If you’re a future net buyer of stocks you want to pay as little as possible for the earnings.
Let me explain why:
Let’s assume you buy Disney at 100 and one year later it trades at 130. A 30% return in one year, isn’t that great!
A high share price is not necessarily good.
Some time ago I used to cheer when my stocks rose to new highs. It felt great to count the paper profit but as a long-term investor, this logic is irrational.
Because the only time you would want the highest possible price is when you sell. If you have no plans to sell, it means you either are a future net buyer or just holding your shares. Under both scenarios, you would want the share price to not trade above intrinsic value.
Buybacks are more effective the lower the price is
This might be counterintuitive for many investors (for me as well), but it makes perfect sense and the logic is simple. I let Warren Buffett explain:
If you are going to be a net buyer of stocks in the future, either directly with your own money or indirectly (through your ownership of a company that is repurchasing shares), you are hurt when stocks rise. You benefit when stocks swoon. Emotions, however, too often complicate the matter: Most people, including those who will be net buyers in the future, take comfort in seeing stock prices advance. These shareholders resemble a commuter who rejoices after the price of gas increases, simply because his tank contains a day’s supply.
The above quote is taken from page 7 of Berkshire’s shareholder letter of 2011.
At the time of writing, Berkshire had taken a big position in IBM, in hindsight, a mistake, and Buffett commented that they hoped IBM’s stock price would languish throughout the next five years.
He expected IBM to continue buying back shares, and obviously the shareholders increase their ownership the more shares are repurchased. It makes sense to buy back shares for a lower earnings multiple than a high one.
- If you have no intention of selling and are a net buyer in the future, you would want the share price to not exceed intrinsic value because many companies buy back shares, and obviously it’s better to buy back at for example 100 per share instead of 125. The more shares bought back, the more you own of the company.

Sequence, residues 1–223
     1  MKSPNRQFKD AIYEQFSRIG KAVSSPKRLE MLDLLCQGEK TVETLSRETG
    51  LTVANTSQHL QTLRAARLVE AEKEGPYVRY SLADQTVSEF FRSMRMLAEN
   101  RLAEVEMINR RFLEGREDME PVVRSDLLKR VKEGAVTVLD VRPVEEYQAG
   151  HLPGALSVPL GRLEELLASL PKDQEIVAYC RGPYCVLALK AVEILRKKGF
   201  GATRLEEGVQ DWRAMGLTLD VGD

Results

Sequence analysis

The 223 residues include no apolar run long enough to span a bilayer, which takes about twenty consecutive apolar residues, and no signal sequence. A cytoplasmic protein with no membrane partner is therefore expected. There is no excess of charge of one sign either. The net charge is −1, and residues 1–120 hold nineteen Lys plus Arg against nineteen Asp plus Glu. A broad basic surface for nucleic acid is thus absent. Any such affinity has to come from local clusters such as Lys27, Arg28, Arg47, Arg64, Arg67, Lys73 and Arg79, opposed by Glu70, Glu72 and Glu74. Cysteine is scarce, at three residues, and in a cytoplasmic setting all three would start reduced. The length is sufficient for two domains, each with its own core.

- If you have no intention of selling but are reinvesting the dividend, it’s much better to reinvest at 100 and not on 125. (I don’t recommend DRIP).
- If you are a net buyer in the future, obviously you want to pay as little as possible for that earnings.
- If you plan to sell in the immediate future, this is the only time you want the share price to be as high as possible.
A rational shareholder base is underappreciated
Warren Buffett has spent his whole life attracting the “correct” shareholders.
I believe a rational shareholder base is an underrated asset of any company because without competent ownership it’s challenging to have the proper investment horizon.
I assume most companies end up with the shareholders they deserve, and that’s why it makes sense to attract and educate a knowledgeable investor base to ensure the share price does not deviate much from intrinsic value – either up or down. An overvalued stock has the potential of attracting the wrong shareholders and this, in turn, might lead to overreactions on the downside.
– Is a high share price always a good sign for investors?
No, a high share price isn’t always a positive indicator for investors, especially if you have a long-term perspective. While a rising share price can seem attractive, it may not be beneficial if you’re not planning to sell. In such cases, it’s more advantageous for the share price to align with the intrinsic value of the company.
– Why are buybacks more effective when stock prices are lower?
Buybacks are more effective at lower stock prices because they allow the company to repurchase a larger number of shares with the same amount of capital. This increased repurchasing means that the ownership of remaining shareholders is enhanced, which can boost the value of their investments.
– How does being a net buyer in the future affect your perspective on stock prices?
If you anticipate being a net buyer of stocks in the future, it’s in your best interest to pay as little as possible for that earnings potential. This perspective highlights the importance of not overpaying for stocks, as you intend to continue accumulating shares over time.